Canon EF 100-400mm f/4.5-5.6L IS II USM +2.0x
TAMRON SP 85mm F1.8 Di VC USD F016E
TAMRON SP 90mm F2.8 Di MACRO VC USD F017E
Rokinon 10mm f/2.8 ED AS NCS CS
Samyang 8mm f/3.5 UMC Fish-Eye CS II
Samyang 10mm f/2.8 ED AS NCS CS
Samyang 100mm f/2.8 ED UMC MACRO
Samyang 135mm f/2 ED UMC
PHANTOM 4 FC330 (RAW + JPEG)
TAMRON SP 85mm F1.8 Di VC USD F016N
TAMRON SP 90mm F2.8 Di MACRO VC USD F017N
Nikon COOLPIX B700
* The list has been filtered to only display Canon, Nikon and DJI compatible lenses. The full list can be found here.
Customer reported issues resolved
The “As Shot” White Balance showed different values when using the Adobe Standard color profile and other camera matching color profiles. Please note that this only occurred with the Canon EOS IDx MKII, Canon EOS 80D, and Canon EOS Rebel T6 cameras
Error: “The file appears to be damaged” When opening a Pano merge result from HDR merge sources
DNG Flat Field plug-in would not work if the source image contained GPS metadata
Added support for automatic lens profile corrections for Tokina and Tamron lenses on Canon and Nikon camera bodies
Exif version info is removed while exporting
Unable to export user-created / custom Develop presets. Please note that this only occurred on Mac
Unable to create panoramas using Smart Previews when originals are unavailable or offline
Tethered shooting with Canon 5D did not work on MacOS 10.11 El Capitan
Unable to see the New Folder preview inside the Destination panel within the Import Dialog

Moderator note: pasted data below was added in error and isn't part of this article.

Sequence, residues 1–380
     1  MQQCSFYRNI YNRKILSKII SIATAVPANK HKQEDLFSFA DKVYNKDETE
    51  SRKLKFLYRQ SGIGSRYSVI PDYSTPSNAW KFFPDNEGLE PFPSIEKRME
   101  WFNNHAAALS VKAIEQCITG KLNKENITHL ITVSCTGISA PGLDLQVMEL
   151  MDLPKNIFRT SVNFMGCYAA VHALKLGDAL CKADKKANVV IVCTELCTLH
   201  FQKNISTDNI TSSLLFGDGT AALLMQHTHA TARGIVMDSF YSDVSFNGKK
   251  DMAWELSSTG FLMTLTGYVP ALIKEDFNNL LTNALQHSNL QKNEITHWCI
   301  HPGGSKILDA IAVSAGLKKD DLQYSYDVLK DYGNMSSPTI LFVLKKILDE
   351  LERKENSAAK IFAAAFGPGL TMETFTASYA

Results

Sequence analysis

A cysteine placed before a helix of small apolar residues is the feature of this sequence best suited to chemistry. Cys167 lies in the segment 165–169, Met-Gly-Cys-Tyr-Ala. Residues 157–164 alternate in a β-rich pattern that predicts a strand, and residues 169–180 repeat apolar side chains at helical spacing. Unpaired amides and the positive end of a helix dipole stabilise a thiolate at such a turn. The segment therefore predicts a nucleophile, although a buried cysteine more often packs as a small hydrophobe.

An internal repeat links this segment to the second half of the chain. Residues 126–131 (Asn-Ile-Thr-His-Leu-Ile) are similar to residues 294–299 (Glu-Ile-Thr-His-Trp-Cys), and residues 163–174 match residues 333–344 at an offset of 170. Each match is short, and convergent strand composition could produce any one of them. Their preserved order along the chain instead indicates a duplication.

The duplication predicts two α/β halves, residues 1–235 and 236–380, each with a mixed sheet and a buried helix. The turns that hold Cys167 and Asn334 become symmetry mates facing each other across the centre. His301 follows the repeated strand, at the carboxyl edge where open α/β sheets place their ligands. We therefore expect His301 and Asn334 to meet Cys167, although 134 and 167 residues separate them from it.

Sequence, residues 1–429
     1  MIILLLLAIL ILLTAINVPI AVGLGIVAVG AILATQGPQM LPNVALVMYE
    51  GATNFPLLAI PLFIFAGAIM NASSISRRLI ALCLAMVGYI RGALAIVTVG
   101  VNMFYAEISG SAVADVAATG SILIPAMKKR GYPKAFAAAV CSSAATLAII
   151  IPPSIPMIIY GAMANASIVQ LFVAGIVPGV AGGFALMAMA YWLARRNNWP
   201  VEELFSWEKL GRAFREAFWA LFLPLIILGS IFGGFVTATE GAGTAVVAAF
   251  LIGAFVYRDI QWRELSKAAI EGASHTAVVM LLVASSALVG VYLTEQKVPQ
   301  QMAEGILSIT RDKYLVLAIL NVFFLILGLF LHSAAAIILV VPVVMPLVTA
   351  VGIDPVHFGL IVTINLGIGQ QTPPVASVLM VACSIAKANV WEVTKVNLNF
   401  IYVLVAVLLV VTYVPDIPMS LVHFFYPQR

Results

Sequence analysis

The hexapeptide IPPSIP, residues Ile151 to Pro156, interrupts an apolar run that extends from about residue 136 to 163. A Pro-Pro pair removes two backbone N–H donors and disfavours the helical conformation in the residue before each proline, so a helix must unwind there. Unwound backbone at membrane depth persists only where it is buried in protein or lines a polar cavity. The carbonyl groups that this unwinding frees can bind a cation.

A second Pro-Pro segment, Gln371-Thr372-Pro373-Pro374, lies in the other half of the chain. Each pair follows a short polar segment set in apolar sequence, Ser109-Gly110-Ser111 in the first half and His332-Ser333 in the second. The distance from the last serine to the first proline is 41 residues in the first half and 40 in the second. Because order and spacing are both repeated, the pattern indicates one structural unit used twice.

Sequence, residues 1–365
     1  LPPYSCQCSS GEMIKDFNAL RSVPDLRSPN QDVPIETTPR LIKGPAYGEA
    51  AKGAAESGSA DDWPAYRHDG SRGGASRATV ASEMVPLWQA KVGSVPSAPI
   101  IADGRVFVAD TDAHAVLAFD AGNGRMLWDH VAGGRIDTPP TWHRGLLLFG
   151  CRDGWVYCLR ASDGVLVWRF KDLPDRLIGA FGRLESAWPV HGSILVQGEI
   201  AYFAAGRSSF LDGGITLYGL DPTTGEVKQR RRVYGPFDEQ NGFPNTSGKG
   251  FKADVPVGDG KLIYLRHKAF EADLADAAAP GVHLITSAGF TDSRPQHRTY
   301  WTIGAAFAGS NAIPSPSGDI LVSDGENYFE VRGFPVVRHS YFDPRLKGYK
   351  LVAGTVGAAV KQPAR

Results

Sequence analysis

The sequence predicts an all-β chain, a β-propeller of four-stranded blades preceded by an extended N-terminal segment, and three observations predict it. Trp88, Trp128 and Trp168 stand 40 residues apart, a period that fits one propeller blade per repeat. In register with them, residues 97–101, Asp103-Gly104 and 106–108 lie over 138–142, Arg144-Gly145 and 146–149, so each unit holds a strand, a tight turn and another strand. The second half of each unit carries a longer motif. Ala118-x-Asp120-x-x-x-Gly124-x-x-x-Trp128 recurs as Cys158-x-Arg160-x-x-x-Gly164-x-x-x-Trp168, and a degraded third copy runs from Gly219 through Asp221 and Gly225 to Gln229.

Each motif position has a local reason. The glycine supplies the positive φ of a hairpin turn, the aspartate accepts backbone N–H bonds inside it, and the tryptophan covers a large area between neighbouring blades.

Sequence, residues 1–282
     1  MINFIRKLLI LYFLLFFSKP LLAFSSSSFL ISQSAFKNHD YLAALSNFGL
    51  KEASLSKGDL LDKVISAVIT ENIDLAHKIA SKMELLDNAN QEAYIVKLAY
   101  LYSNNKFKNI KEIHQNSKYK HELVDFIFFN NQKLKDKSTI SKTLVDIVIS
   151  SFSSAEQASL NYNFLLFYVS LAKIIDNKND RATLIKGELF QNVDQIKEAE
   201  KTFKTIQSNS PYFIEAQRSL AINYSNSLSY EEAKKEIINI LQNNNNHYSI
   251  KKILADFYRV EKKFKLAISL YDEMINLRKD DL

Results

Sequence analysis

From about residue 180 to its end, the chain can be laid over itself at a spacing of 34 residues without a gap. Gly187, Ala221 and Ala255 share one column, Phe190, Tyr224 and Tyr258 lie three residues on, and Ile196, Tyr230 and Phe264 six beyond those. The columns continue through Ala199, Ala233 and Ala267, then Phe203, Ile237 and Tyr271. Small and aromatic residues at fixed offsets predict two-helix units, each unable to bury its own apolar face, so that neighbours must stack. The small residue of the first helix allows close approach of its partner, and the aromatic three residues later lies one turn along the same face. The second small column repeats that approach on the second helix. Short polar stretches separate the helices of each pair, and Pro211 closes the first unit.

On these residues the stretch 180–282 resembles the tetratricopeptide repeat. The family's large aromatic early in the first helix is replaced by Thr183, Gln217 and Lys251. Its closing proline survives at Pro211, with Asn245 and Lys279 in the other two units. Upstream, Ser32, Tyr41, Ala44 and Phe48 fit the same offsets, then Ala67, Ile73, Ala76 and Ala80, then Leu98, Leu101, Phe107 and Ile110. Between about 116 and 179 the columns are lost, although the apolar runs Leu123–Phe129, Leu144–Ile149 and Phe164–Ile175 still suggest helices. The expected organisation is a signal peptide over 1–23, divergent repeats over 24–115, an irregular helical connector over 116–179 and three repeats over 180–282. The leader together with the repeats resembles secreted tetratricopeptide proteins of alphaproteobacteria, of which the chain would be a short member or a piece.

“Print to File” feature does not work if the default filename was changed by the customer. Please note that this only occurred on Mac OSX 10.11.3
Removing Virtual Copy Smart Preview also deleted original’s smart preview
Older files expanded using the Recover Edges plug-in fail to merge with “Unknown Errors”
Scrollbars missing from book module. Please note that this only occurred on Windows
Lightroom would crash when using tethered shooting with certain Canon camera models
Removing face tags causes photos to get stuck in “To Be Republished” state when using Publish Service Plugins such as Smugmug
Inconsistent dialog behavior when using full-screen mode in Mac OSX 10.11
Text overlays within the Slideshow Module appeared fuzzy
Please select Help > Updates to use the update mechanism in the Creative Cloud app.
We have released the most well thought-out, comfortable, and protective backpack for users of DJI Inspire or other similarly sized quadcopters. The Helipak for DJI Inspire easily holds a DJI Inspire (parked with gimbal and rotors detached), Zenmuse gimbal with 3 lenses, 6x batteries, 2x controllers, 2 x 8” tablets, lots of extra propellers, and a 17” laptop and charger